UN Special Rapporteur Margaret Sekaggya [official website] on Monday outlined the risks and challenges faced by human rights journalists and media workers [press release], and called for additional protection of those workers. The report [text] indicated that, "journalists and media workers active on human rights issues were subject to killings, attacks, disappearance, abduction, torture and ill-treatment." The report called on state and non-state actors to recognize the objective role played by these observers, and to offer them proper protection from unwarranted criminal prosecution. In a statement to the UN Human Rights Council, Sekaggya said:
Journalists, environmental, student and youth rights defenders and those working on land issues are in significant need of protection. ... Most of these risks directly affect their physical integrity and that of their family members, but also involve the abusive use of legal frameworks against them and the criminalization of their work.The report also recognized the need to protect those active on human rights issues who are not formally recognized as journalists and media workers, but "should include other relevant actors, such as community media workers, bloggers and those monitoring demonstrations."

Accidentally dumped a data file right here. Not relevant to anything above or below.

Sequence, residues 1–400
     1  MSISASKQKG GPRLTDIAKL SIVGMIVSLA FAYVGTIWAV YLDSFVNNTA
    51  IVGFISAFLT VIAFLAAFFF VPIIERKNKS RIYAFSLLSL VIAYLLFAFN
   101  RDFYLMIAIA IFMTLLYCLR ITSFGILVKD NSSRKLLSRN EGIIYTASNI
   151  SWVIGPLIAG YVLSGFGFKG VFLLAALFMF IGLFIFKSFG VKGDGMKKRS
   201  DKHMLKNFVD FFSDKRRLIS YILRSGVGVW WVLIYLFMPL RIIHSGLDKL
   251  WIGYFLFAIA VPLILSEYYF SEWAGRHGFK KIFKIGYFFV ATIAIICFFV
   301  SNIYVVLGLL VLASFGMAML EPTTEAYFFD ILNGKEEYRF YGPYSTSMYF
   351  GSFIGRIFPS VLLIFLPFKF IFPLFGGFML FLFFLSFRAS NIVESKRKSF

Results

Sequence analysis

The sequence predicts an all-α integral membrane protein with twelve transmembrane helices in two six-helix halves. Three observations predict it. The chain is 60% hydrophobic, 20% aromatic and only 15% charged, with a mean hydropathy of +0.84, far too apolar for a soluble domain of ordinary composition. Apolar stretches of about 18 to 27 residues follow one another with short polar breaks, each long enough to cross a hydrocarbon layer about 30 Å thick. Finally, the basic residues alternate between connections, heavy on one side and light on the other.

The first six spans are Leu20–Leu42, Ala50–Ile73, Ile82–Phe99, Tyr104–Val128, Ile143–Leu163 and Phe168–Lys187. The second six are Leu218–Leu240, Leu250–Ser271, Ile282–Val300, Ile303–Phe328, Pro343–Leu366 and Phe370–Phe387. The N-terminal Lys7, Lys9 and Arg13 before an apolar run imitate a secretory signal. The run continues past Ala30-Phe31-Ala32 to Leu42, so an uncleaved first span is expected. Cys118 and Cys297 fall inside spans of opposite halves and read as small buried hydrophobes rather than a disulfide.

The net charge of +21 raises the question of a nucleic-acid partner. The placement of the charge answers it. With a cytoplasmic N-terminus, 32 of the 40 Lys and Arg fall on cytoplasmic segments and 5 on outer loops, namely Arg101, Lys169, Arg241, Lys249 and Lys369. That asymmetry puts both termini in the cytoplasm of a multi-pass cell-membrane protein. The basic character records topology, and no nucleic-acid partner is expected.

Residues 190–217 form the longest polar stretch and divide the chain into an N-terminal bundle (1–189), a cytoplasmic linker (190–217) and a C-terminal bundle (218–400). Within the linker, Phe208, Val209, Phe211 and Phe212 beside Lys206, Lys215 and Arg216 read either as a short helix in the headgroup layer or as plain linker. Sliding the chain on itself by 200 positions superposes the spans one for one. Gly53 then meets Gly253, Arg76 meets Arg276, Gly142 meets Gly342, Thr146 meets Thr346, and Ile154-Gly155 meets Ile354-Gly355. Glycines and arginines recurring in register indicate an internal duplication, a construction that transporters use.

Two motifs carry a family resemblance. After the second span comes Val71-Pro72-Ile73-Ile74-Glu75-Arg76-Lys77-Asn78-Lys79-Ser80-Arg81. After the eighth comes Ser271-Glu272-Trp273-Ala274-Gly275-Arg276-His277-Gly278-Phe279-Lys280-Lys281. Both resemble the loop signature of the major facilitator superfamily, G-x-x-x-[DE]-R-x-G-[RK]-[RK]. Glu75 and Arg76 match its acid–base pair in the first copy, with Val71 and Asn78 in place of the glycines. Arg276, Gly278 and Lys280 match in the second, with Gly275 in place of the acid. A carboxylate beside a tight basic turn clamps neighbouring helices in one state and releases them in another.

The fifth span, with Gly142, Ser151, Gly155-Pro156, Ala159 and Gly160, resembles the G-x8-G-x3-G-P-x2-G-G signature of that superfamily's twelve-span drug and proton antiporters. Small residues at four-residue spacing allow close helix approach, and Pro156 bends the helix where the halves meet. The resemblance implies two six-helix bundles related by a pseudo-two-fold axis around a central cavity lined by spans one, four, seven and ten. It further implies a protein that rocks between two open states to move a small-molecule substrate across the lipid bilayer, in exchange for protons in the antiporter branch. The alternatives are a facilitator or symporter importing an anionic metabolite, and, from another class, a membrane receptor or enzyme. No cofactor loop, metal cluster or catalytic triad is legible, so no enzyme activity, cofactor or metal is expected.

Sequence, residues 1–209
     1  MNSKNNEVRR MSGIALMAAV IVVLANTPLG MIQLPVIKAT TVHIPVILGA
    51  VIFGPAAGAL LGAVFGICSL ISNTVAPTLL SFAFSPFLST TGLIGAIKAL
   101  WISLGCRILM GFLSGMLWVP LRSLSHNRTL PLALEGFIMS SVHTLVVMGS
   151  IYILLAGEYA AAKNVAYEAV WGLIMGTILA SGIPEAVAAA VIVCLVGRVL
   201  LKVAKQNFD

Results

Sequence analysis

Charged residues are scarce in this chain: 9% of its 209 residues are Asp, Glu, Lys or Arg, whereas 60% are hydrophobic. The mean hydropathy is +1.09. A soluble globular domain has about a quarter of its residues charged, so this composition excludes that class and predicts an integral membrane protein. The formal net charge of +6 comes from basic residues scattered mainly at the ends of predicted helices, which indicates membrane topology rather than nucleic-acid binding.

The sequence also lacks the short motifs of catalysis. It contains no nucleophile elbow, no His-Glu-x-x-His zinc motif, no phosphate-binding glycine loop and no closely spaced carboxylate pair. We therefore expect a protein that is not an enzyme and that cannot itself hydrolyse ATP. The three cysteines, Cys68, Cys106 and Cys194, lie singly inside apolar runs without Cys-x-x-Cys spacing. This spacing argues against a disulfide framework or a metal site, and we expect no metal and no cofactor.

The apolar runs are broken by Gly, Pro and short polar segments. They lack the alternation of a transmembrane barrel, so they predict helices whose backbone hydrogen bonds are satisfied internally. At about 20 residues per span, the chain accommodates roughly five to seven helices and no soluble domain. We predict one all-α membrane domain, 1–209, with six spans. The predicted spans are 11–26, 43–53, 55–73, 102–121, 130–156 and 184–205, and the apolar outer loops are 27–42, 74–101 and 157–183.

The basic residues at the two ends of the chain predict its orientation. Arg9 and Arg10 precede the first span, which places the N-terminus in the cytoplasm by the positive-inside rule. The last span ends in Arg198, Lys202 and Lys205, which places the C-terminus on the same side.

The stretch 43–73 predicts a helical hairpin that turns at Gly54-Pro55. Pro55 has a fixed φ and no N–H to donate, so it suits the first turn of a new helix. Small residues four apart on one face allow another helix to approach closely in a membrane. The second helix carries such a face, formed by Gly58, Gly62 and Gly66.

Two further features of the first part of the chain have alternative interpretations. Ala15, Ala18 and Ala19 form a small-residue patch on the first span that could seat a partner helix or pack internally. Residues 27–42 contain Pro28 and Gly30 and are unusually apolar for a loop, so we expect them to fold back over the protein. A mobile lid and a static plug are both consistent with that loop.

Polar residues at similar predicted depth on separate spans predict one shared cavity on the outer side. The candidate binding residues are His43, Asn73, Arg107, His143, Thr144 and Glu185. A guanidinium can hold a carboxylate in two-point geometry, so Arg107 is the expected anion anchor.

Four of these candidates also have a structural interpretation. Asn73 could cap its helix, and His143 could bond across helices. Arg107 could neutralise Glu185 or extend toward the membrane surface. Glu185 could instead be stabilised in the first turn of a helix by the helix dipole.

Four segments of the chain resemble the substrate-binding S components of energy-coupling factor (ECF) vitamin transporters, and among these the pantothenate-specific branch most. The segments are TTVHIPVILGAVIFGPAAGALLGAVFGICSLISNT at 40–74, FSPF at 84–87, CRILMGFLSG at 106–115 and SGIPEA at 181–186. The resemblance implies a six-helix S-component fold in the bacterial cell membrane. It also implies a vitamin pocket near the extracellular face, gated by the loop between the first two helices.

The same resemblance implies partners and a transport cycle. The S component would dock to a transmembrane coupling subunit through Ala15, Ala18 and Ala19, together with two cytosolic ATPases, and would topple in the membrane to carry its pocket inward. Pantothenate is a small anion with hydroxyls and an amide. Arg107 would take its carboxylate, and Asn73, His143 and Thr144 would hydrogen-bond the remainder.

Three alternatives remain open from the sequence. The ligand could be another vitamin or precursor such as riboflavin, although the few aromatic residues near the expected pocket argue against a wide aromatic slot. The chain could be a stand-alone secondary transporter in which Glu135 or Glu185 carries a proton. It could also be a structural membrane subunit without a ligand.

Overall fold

Protection of human rights remains a central concern for the UN, with rights activists across the globe being subject to violence and arrest. In October, Sekaggya released a report [JURIST report] indicating that human rights defenders were still being harassed, attacked and killed more than a decade after the international declaration adopted for their protection. In August Chinese authorities in Beijing began the trial [JURIST report] of Wang Lihong, one of the dozens of human rights activists the government detained earlier this year as part of a crackdown on dissidents in the country. Nobel Peace Prize winner and human rights activist Liu Xiaobo [BBC profile; JURIST news archive] remains imprisoned in China despite international calls for his release. In July a coalition of human rights organizations issued a joint statement urging the Russian government to investigate the murder [JURIST report] of rights activist Natalia Estemirova [BBC obituary; JURIST news archive]. Estemirova, who was kidnapped in Grozny in July 2009 and shot to death, reported regularly on human rights abuses committed by the Chechen government, including extrajudicial killings, torture and enforced disappearances. In June Zimbabwean human rights activist Farai Maguwu was arrested for allegedly supplying false information about Zimbabwe's controversial diamond mining practices to the international diamond control body the Kimberley Process [advocacy website].